6. Admittedly, the property on the southern side of the suit property belonged to one Kaliyammal, the other sister of the defendant's mother. Since these facts are admitted by the plaintiff's witnesses, the Courts below have accepted the case of the defendant that the suit property belonged to the grandfather of the defendant one Periyakaruppan S/o.Ramasamy and that he died leaving his three daughters.

7. It is pertinent to mention that the settlement record has been relied upon by Courts below to show that the grandfather of the defendant is the original owner. Ex.P1 would clearly prove the title of the defendant's grandfather. Very importantly, the lower appellate Court has considered the testimony of the plaintiff as PW.1 to the effect that he does not know about the ownership of the property, even though he claimed that the property was given to his mother as Stridhana. Even with regard to possession, both Courts found that the plaintiff has not proved his possession.

8. The learned Counsel for the appellant strenuously argued that the Courts below have not considered the scope of remand and hence, the judgment and decree of the Courts below are vitiated. Going by the records, it is noticed that the trial Court has referred to the order of the appellate Court, whereby the matter was remitted to the lower Court. It gives an indication that the lower appellate Court on the earlier occasion had remitted the matter to give an opportunity to both sides to adduce evidence.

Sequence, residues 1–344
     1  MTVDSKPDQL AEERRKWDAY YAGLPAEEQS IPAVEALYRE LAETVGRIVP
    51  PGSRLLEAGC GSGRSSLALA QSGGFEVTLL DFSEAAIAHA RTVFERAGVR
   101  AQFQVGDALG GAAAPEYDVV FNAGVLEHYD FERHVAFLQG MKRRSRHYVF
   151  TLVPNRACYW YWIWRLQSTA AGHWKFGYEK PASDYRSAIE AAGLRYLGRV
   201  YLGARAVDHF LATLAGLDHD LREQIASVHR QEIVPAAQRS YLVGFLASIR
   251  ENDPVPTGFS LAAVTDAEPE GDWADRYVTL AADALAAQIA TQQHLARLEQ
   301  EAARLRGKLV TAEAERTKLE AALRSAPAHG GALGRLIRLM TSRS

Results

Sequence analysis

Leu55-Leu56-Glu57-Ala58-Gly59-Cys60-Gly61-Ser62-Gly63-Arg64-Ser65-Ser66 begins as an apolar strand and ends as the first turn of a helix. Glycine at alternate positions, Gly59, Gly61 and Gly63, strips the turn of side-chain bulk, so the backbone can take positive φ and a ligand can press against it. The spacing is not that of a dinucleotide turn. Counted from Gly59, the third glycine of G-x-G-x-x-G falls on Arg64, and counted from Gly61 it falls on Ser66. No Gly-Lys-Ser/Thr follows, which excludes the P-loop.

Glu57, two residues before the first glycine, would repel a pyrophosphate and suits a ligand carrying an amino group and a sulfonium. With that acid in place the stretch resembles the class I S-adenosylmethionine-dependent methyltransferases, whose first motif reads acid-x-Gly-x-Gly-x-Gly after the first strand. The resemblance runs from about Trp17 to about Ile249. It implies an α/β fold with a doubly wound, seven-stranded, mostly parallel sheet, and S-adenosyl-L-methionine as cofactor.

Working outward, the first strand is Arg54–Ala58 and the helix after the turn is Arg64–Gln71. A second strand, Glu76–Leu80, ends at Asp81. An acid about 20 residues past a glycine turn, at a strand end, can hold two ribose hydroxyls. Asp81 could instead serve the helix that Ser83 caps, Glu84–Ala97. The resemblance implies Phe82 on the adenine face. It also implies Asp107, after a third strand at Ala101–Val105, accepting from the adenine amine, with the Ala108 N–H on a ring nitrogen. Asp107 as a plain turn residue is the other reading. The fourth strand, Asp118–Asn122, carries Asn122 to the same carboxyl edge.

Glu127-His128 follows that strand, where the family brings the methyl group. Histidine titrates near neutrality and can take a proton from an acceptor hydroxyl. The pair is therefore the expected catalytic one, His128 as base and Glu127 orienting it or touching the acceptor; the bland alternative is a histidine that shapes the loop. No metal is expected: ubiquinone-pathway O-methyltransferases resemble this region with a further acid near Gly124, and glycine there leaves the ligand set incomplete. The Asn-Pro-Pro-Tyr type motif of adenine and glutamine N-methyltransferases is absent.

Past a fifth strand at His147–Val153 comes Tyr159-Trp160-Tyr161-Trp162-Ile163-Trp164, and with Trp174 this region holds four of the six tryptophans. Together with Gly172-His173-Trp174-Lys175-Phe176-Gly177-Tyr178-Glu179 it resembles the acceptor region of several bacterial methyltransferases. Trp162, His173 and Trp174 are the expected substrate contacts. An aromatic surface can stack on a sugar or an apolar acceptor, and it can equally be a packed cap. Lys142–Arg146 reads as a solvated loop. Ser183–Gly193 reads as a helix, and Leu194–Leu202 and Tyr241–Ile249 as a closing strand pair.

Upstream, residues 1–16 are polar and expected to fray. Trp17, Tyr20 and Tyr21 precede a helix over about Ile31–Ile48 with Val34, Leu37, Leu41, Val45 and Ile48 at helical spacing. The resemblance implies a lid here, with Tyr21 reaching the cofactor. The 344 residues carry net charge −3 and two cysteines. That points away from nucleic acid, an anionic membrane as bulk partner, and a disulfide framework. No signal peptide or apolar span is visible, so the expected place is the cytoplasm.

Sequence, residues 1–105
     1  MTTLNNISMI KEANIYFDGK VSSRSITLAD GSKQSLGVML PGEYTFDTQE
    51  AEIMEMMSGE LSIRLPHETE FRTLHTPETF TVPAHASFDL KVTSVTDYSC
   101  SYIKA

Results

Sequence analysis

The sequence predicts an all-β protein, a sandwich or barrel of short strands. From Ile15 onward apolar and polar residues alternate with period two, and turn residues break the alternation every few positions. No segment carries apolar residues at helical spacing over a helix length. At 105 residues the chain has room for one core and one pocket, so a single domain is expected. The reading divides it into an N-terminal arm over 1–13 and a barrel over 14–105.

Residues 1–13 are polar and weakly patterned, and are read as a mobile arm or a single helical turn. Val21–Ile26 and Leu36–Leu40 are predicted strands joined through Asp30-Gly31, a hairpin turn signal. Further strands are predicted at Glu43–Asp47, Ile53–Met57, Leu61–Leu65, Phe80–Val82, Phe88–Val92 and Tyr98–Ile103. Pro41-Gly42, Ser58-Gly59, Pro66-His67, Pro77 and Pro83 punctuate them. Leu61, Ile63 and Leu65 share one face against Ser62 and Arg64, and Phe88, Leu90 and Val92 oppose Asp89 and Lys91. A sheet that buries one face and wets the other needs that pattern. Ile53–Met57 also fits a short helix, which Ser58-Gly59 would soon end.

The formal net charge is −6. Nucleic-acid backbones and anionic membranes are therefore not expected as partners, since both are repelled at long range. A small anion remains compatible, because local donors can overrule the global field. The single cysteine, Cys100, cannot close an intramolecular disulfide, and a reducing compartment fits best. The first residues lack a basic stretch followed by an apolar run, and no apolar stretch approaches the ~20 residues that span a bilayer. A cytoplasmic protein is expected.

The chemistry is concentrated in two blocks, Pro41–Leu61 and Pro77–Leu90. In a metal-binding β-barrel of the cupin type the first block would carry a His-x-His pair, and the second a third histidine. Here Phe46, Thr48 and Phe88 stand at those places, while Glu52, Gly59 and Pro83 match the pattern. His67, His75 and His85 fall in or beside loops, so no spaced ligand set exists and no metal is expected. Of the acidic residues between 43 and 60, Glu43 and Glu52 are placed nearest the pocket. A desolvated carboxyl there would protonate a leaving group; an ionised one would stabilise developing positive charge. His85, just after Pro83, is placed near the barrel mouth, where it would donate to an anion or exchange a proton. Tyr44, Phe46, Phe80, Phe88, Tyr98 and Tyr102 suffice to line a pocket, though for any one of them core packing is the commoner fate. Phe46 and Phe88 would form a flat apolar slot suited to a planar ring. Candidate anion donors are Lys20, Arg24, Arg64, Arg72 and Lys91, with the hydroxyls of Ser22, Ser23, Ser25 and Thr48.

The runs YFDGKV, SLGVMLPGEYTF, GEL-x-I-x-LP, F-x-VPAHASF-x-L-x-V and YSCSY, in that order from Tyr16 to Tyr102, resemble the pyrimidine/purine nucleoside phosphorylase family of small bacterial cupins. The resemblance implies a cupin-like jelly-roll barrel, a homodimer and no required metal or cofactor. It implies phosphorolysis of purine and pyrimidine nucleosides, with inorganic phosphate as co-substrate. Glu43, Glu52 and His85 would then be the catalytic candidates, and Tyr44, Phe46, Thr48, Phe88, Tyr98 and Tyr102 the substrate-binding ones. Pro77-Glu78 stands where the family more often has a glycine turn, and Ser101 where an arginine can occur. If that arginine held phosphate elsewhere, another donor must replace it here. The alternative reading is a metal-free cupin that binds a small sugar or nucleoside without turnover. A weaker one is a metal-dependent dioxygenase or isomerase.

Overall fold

9. It is not in dispute that the trial was conducted de nova and opportunities were given to both parties to let in evidence. In such circumstances, there is no merit in the said contention.

10. The learned Counsel for the appellant also attacked the findings of the lower appellate Court regarding the additional documents produced by the appellant before the lower Court. As pointed out earlier, Exs.A7 to A9 are not documents pertaining to the suit property. Even as per the admission of the plaintiff during the course of evidence, the documents marked as Exs.A.5 and A.6 are only the kist receipts and hence, there is no merit in the submission having regard to the specific findings of the Courts below on the question of title and enjoyment.

11. The appellate Court has applied its mind independently to decide the appeal and hence, the argument of the learned Counsel for the appellant that the appellate Court has not considered the scope of remand, is not sustainable. No where in the grounds or during the course of argument, the learned Counsel for the appellant pointed out how the Courts below have failed to follow the order of remand. Hence, I find that there is no question of law arise for consideration in this second appeal.

12. In the result, this second appeal is dismissed. No costs. Consequently, the connected Miscellaneous petition is also dismissed.